It was a friend’s “confession” about his sexual orientation and the agony he faced to remain in the closet, which led filmmaker Abhishek Verma to make a short film. Titled Maacher Jhol, it tells the story of Lalit Ghosh, a Delhi-based professional artist, who is in a relationship with another man. The trepidation he faces when he decides to come out to his family forms the crux of the plot.
Verma, who is a post-graduate from the Industrial Design Centre (IDC) at IIT Bombay, has made the animated short film in hand-drawn 2D. The aim, he says, is to portray the plight of an LGBT individual in an aesthetic manner.
Verma observes that in the context of Indian culture, keeping your orientation a secret from family and close friends is difficult. In fact, doing so can cause much angst. “Garnering the support of loved ones is essential to sustain yourself. The film attempts to help people empathise with the LGBT community and set the wheels of acceptance in motion,” says Verma.
As Indians, we love our food, and this aspect has been woven into the film. Lalit decides to ‘come out’ to his father over lunch, by preparing the latter’s favourite dish, maacher jhol (fish curry). This also explains the choice of the title for the movie. “Drawing the entire process of making fish curry was also simpler than any other dish — for example, biryani — probably played a part,” Verma laughs.
The choice of hand-drawn 2D, instead of 3D, can be credited to Verma’s fascination with the medium, which arose during his training at IDC. His guide at IDC, animator Shilpa Ranade, was a fan of the medium, and also shaped his preference for this type of storytelling. “Hand-drawn 2D gives an organic feeling to the narrative,” he explains.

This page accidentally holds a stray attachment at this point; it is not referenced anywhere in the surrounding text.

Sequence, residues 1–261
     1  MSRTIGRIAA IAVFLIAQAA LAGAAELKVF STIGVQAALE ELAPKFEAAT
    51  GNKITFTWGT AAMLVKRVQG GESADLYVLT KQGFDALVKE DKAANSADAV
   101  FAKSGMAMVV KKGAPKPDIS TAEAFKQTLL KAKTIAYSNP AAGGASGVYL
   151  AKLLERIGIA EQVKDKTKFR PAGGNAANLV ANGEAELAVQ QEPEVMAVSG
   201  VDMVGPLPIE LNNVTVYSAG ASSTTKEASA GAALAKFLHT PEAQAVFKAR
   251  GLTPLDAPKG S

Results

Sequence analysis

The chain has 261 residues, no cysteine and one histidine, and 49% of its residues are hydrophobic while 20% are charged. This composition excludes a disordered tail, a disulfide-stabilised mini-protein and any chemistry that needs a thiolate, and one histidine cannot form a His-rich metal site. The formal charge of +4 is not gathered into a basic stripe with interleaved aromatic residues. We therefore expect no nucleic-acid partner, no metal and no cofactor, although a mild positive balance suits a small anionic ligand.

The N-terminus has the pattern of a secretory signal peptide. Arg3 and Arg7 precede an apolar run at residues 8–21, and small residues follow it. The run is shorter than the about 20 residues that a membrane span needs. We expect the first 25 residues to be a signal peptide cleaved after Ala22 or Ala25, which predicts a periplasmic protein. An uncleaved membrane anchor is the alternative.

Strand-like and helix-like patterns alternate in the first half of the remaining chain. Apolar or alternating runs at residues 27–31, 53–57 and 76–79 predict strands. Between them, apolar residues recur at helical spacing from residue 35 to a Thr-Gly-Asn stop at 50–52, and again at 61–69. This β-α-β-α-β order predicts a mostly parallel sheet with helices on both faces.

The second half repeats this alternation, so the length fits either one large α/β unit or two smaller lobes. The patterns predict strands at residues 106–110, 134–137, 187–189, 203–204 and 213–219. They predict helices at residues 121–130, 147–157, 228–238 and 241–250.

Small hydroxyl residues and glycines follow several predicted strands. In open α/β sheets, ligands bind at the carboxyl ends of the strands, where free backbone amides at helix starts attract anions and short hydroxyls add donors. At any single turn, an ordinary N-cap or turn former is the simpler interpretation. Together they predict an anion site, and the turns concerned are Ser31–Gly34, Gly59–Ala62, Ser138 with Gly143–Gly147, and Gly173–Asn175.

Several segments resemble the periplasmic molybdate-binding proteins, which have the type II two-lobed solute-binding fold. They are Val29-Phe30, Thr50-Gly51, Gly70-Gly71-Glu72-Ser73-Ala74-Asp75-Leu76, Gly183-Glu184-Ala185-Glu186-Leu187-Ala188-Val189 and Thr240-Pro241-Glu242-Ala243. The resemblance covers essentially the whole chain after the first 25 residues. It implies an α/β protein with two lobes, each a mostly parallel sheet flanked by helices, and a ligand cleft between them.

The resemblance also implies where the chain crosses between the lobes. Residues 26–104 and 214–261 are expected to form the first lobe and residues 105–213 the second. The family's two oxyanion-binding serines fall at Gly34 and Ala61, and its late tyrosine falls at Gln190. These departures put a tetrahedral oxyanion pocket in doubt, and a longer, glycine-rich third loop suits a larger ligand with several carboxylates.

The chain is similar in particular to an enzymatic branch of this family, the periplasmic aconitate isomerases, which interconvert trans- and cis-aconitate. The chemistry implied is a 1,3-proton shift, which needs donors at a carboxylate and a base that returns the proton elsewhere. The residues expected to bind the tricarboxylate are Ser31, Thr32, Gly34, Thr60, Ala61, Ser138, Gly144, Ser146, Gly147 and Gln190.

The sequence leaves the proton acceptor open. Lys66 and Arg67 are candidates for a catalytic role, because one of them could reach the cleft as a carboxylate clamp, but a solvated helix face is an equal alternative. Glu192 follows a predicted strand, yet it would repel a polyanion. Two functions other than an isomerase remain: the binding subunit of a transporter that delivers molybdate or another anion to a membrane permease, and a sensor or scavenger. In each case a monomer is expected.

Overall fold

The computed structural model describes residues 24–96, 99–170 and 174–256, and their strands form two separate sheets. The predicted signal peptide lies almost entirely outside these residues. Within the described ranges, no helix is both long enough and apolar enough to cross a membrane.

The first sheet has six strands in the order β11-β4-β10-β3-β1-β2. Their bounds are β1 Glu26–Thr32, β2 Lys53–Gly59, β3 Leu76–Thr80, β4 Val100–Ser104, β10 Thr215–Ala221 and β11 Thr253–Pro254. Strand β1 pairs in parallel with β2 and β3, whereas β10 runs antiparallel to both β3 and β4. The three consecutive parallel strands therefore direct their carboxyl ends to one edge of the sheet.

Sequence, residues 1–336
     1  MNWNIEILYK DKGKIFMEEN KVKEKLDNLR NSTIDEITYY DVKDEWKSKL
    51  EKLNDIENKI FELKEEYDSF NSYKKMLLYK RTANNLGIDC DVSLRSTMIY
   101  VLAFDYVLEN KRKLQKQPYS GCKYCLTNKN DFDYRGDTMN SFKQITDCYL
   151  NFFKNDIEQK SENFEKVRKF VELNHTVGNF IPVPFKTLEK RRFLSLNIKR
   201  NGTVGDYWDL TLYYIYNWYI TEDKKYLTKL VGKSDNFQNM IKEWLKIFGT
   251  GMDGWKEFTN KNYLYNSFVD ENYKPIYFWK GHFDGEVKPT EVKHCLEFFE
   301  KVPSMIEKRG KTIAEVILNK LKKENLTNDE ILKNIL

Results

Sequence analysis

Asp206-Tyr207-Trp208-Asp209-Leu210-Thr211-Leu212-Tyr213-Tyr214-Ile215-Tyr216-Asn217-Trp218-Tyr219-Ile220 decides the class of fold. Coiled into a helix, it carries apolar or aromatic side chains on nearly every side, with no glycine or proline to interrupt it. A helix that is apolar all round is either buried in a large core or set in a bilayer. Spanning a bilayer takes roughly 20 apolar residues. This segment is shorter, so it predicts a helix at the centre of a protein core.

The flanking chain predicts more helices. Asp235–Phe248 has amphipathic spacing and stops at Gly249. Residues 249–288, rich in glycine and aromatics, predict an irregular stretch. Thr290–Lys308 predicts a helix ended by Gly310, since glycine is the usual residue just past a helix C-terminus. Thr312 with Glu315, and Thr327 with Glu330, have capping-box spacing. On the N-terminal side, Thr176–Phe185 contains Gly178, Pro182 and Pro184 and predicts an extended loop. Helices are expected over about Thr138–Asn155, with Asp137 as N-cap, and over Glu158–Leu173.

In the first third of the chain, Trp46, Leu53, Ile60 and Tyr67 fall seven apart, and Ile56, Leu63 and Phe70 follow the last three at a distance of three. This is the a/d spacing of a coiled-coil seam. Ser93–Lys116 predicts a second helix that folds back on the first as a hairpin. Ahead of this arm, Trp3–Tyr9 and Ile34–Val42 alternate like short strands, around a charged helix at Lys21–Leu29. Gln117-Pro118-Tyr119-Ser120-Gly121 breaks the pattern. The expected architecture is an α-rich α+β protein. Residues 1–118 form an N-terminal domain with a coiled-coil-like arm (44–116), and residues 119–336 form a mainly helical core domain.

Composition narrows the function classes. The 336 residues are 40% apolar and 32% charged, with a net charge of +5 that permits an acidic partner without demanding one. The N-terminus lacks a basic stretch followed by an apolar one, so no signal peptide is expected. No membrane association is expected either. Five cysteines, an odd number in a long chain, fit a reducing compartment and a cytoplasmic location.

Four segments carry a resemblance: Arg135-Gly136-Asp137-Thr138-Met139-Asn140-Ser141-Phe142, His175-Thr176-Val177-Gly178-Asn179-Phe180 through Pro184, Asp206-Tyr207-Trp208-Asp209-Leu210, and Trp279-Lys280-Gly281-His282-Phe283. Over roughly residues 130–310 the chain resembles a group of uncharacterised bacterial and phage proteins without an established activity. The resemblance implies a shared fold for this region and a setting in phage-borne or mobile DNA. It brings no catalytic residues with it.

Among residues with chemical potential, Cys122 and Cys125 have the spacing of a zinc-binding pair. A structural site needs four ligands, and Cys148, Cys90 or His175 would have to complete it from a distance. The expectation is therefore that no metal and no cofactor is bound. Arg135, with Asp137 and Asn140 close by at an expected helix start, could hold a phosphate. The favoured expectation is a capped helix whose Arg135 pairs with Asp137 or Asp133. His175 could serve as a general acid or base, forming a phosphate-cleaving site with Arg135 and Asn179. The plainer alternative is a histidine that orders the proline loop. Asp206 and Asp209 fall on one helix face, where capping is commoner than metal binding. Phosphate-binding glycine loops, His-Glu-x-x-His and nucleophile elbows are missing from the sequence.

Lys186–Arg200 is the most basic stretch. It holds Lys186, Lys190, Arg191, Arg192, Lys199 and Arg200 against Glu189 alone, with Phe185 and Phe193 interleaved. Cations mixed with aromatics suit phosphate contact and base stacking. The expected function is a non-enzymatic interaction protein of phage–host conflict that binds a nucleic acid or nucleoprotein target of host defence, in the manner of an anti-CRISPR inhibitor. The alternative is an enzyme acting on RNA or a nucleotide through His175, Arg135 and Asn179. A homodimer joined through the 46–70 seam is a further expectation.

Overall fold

A dedicated team of 13 people, scattered across locations in Mumbai, Pune and New Delhi, has been working on the drafts for the film since July 2015. Currently in the post-production stage, Verma is seeking crowdfunding on Ketto. So far, they have managed to gather `2.30 lakh, with a target of raising `7 lakh. Targetted primarily at film festivals, Verma is hoping the funds help take the film to festivals across the world.
Maccher Jhol isn’t Verma’s first brush with filmmaking. In 2014, he made Chasni, a film based on the Preeti Raathi attack in Bandra, when a masked man threw acid at her face out of unrequited love. Verma highlighted the disfigurement and the aftermath for acid attack survivors. The film got critical acclaim, and was screened at more than 30 film festivals around the globe and collected 11 awards, including at Animafest Zagreb 2014 (Croatia) and FICCI Frames 2014 (India), among others.
Verma terms his interaction with filmmaker Shyam Benegal as a defining moment. Benegal was a speaker at his alma mater, and spoke about filmmaking as “wanting to tell stories to the people around”. It’s something Verma believes in as well. As a filmmaker, he views his films as an expression of how he understands a situation. “The fact that they manage to drive home a powerful social message is unintentional,” he says.
To contribute towards Maacher Jhol, visit ketto.org/maacherjhol